Bacteria levels at the mouth of the Kenai River measured during the personal-use fishery may be higher than the Alaska Department of Environmental Conservation had initially predicted, according to the department’s preliminary results.
Following the fishery’s final sampling Aug. 11, ADEC found that the beach’s waters may have slightly greater levels of bacteria than the past three years the study has been conducted, said Tim Stevens, ADEC environmental program specialist for the division of water.
“We’re kind of scratching our heads, asking ourselves what’s different than past years,” Stevens said.
ADEC expected the fishery would yield lower bacteria levels this year because the city placed 12 Dumpsters along the beach to collect trash and it required all dipnetters dump fish waste in Cook Inlet’s low tide line, Stevens said.
Early results found lower bacteria levels along North Beach and higher results along South Beach, Stevens said.
ADEC has not, however, received field observations from the Kenai Watershed Forum, the organization contracted to conduct the study, Stevens said. Pending KWF’s results — observations of air temperature, water turbidity — ADEC may reassess the fishery’s bacteria levels, Stevens said.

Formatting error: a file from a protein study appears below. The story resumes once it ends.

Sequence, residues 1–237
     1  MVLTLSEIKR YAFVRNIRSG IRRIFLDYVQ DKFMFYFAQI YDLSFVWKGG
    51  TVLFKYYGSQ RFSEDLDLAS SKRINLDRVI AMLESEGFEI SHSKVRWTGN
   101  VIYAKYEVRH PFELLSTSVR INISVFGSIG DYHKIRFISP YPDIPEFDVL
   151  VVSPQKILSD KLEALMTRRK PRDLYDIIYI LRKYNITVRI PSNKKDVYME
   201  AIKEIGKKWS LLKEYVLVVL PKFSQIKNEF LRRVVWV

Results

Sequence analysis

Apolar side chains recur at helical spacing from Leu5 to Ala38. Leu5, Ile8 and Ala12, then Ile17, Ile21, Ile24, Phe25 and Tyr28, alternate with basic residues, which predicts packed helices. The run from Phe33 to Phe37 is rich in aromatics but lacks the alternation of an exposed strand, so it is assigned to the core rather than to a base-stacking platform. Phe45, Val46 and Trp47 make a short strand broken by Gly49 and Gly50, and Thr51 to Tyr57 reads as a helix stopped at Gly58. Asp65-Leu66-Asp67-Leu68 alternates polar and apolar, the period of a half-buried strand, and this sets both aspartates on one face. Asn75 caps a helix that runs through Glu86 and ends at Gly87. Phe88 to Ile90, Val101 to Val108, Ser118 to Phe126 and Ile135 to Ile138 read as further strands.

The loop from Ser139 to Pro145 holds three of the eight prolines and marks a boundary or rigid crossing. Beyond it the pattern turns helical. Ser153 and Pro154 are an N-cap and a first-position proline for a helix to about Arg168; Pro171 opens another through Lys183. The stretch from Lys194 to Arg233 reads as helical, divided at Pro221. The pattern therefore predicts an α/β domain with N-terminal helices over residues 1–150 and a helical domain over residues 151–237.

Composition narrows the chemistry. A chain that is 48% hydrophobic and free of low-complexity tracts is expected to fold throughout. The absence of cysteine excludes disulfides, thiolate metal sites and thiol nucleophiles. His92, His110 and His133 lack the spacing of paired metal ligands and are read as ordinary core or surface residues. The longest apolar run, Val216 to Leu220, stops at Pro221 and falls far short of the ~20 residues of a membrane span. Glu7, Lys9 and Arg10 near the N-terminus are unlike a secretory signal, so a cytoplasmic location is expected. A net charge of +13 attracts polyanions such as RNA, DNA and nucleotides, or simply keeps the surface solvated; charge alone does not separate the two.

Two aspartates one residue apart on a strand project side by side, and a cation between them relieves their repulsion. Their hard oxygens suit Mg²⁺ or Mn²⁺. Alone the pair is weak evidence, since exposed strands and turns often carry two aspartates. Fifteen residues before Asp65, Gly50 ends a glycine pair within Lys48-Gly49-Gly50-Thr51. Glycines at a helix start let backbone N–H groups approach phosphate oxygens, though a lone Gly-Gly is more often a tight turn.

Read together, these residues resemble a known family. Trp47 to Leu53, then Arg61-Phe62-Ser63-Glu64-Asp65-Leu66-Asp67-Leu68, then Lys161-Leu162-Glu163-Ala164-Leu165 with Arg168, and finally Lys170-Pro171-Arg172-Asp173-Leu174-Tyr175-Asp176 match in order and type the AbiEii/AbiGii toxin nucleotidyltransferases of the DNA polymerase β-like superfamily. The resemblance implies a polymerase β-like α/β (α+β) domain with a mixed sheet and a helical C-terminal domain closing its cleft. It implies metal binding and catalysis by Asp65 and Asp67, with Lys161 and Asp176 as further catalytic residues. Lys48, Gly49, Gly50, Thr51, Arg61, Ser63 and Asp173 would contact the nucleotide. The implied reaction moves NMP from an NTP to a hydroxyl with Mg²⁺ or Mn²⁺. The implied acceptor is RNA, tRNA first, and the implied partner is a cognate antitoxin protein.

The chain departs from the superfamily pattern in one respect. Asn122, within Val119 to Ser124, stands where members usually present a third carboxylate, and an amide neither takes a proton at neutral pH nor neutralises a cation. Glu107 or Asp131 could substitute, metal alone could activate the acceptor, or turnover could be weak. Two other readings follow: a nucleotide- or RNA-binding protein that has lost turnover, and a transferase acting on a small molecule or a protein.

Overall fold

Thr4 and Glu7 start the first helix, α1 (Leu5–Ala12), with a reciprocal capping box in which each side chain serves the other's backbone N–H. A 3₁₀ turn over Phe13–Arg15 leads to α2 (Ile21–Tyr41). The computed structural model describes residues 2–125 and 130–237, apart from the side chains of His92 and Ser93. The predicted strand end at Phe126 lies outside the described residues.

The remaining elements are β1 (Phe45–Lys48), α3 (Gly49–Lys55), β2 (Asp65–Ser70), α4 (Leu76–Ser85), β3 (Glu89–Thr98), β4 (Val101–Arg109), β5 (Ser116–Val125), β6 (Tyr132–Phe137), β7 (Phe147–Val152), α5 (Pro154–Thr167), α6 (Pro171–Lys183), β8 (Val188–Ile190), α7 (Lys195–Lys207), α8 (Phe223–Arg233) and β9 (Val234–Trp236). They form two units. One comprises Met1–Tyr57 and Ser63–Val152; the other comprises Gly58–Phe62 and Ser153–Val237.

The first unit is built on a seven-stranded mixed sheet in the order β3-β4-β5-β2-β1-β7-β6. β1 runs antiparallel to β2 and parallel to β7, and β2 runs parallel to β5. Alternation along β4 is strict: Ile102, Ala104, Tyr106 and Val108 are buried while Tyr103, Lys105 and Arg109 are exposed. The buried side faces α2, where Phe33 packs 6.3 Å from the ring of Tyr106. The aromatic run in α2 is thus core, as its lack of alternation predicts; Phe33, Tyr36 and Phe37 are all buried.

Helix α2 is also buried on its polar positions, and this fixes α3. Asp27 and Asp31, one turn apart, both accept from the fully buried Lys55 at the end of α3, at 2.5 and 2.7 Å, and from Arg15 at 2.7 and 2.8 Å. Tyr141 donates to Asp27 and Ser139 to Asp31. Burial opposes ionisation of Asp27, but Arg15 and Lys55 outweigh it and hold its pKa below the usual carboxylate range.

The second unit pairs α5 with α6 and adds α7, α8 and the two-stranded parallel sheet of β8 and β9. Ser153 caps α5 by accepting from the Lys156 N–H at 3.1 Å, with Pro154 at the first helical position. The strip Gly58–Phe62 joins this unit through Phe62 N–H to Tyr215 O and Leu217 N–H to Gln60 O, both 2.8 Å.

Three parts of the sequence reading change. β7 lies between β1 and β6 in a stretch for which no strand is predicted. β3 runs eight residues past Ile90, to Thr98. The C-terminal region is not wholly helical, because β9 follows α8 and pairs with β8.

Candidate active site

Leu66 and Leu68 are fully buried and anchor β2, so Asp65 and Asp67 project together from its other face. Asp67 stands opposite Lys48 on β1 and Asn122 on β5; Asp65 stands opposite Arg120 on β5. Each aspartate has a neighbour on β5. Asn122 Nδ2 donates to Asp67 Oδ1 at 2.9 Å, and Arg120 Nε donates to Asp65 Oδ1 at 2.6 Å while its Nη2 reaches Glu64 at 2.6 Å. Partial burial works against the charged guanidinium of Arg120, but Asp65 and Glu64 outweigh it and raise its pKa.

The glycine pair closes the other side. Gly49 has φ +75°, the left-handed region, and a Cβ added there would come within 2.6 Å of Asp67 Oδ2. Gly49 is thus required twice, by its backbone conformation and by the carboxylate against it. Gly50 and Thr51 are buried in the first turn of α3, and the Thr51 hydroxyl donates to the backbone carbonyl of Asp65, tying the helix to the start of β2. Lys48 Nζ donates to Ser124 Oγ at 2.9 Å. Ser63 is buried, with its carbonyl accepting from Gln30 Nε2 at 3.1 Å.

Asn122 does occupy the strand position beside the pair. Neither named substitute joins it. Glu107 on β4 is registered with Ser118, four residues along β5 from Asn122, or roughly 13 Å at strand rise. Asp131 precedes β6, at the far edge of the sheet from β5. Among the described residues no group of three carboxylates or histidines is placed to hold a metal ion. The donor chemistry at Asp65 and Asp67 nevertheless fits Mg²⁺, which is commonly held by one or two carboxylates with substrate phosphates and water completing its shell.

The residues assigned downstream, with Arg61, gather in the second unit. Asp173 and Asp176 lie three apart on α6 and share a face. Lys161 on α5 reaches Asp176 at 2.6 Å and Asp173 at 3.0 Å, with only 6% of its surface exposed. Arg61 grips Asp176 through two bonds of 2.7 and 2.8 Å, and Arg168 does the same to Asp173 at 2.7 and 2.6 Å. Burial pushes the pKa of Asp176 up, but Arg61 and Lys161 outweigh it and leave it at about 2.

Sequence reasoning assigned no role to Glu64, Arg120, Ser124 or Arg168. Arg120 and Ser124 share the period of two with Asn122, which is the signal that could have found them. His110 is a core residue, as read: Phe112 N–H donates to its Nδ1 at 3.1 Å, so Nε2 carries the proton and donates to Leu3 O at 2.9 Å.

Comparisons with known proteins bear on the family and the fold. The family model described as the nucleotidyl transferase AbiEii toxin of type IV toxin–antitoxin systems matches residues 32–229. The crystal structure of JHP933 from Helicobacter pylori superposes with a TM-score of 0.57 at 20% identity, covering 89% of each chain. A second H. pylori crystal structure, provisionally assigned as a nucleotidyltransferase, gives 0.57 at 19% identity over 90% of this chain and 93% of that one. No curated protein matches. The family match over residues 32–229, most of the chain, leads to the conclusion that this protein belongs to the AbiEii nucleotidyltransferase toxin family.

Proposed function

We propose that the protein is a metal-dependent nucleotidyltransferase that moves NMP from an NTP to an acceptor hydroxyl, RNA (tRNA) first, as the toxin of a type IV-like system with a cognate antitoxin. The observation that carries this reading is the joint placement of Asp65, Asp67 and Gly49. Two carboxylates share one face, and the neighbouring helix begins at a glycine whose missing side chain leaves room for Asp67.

“Bacteria is an odd beast,” he said.
One exceptionally high sample could skew the entire study’s data set, and the ADEC may decide to throw out that one outlier, Stevens said. Last year, the department eliminated an outlying date point because it was so much higher than all other samples, he said. Undiluted seagull guano floating in the water, for example, can cause an unusually high reading, he said.
ADEC found two spiked data points this year along North Beach, and the department may eliminate them from the data set, Stevens said.
“We’ll probably look at that date point pretty hard,” he said.
ADEC started bacterial sampling at Kenai’s fishery in 2010 per the Environmental Protection Agency’s national beach study. The study collects samples for enterococci and fecal coliform each year before and after the dipnet season.
Kenai’s fishery ranked high on the list of beaches to be sampled because of its heavy use and potential for contamination, Stevens said.
ADEC will have the study’s final results by early October.
Dan Schwartz can be reached at firstname.lastname@example.org.